Learning About Research and Writing Using the American Revolution

This group of seven lessons has students look at the American Revolution through storybooks, research, and writing poetry.  Students read a story about the American Revolution and then research a political figure.  Next, students create an acrostic poem about the person they research and present it to the class. This research unit can be used in correlation with an American Revolution study, providing students an opportunity for research, but also for creative writing and presentation of research.

Standards & Objectives

Academic standards
GLE 0301.4.2
Gather information from a variety of sources to support a research topic.
GLE 0401.4.1
Conduct research to access and present information.
GLE 0501.4.1
Conduct research to access and present information.
Alignment of this item to academic standards is based on recommendations from content creators, resource curators, and visitors to this website. It is the responsibility of each educator to verify that the materials are appropriate for your content area, aligned to current academic standards, and will be beneficial to your specific students.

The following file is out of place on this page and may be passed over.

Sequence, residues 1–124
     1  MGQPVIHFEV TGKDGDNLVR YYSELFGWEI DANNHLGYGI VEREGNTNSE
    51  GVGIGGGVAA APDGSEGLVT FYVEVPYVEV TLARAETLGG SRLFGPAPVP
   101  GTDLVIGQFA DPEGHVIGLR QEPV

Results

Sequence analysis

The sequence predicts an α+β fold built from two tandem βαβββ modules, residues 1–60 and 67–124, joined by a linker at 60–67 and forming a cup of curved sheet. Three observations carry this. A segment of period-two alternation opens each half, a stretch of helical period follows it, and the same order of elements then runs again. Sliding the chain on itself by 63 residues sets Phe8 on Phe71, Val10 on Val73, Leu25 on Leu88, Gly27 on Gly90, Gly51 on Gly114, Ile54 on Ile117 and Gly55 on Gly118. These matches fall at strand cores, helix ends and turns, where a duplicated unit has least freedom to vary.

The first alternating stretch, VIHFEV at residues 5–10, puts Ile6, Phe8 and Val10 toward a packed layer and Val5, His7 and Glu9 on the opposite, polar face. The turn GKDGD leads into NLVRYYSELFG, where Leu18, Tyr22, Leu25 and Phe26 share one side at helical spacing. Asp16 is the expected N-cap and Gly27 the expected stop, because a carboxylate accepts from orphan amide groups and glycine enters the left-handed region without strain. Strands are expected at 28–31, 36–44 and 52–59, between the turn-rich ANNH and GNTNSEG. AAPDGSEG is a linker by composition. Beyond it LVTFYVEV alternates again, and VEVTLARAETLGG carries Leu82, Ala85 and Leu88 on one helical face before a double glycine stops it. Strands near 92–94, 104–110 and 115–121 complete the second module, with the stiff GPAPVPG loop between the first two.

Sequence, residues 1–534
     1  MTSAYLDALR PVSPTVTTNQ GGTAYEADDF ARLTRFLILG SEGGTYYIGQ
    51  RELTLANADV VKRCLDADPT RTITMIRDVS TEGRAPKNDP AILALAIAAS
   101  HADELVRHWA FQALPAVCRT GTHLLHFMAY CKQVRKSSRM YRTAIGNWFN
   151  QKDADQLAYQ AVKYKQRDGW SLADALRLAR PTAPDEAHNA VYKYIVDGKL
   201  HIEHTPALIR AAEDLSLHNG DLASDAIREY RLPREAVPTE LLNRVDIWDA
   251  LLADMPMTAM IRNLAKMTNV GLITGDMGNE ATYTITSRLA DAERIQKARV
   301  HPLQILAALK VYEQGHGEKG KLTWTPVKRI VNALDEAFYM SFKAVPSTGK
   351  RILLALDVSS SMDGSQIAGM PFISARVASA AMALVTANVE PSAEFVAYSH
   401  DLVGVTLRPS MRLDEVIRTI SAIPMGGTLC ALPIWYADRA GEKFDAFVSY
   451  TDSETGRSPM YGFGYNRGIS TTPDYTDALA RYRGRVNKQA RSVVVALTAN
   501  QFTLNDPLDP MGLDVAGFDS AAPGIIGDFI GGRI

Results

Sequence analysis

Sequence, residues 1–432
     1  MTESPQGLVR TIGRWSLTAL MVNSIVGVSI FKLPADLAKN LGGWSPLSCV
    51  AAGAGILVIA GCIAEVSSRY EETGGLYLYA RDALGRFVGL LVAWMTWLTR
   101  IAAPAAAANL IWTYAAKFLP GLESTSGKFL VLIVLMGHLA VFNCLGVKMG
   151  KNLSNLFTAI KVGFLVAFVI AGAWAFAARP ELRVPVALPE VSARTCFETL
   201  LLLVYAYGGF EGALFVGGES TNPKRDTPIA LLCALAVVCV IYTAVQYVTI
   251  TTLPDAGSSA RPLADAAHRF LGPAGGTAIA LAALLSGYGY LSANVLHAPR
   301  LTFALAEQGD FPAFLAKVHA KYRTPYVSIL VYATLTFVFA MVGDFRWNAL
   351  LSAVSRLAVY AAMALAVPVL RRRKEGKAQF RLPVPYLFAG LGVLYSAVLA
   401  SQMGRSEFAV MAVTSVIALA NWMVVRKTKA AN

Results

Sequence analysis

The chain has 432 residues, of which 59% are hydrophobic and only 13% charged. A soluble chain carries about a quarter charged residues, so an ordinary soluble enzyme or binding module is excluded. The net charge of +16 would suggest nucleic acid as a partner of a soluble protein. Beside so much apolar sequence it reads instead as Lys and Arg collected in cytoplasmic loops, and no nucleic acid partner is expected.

Learning objectives: 

Students will:

  • Gain knowledge about the American Revolution by researching a specific figure from that time period
  • Learn research skills by observing the teacher model how to find information from a variety of sources
  • Apply the research skills they have learned by accessing historical information from a variety of sources, scanning those sources for the type of information they need, and verifying the information they find using multiple sources
  • Practice analysis by interpreting a historical figure's importance to the American Revolution and writing a poem about him or her that demonstrates this importance
  • Develop presentation skills by reading their acrostic poem to the class.

Lesson Variations

Blooms taxonomy level: 
Extension suggestions: 
  • Publish students' poems in a class book or website titled The Who's Who of the American Revolution.
  • Have students research and write acrostic poems about important battles, places, or events in the Revolutionary War.

Helpful Hints


  • If You Lived at the Time of the American Revolution by Kay Moore (Scholastic, 1998)
  • Chart paper or transparencies
  • Computer with Internet access
  • LCD projector
  • Overhead projector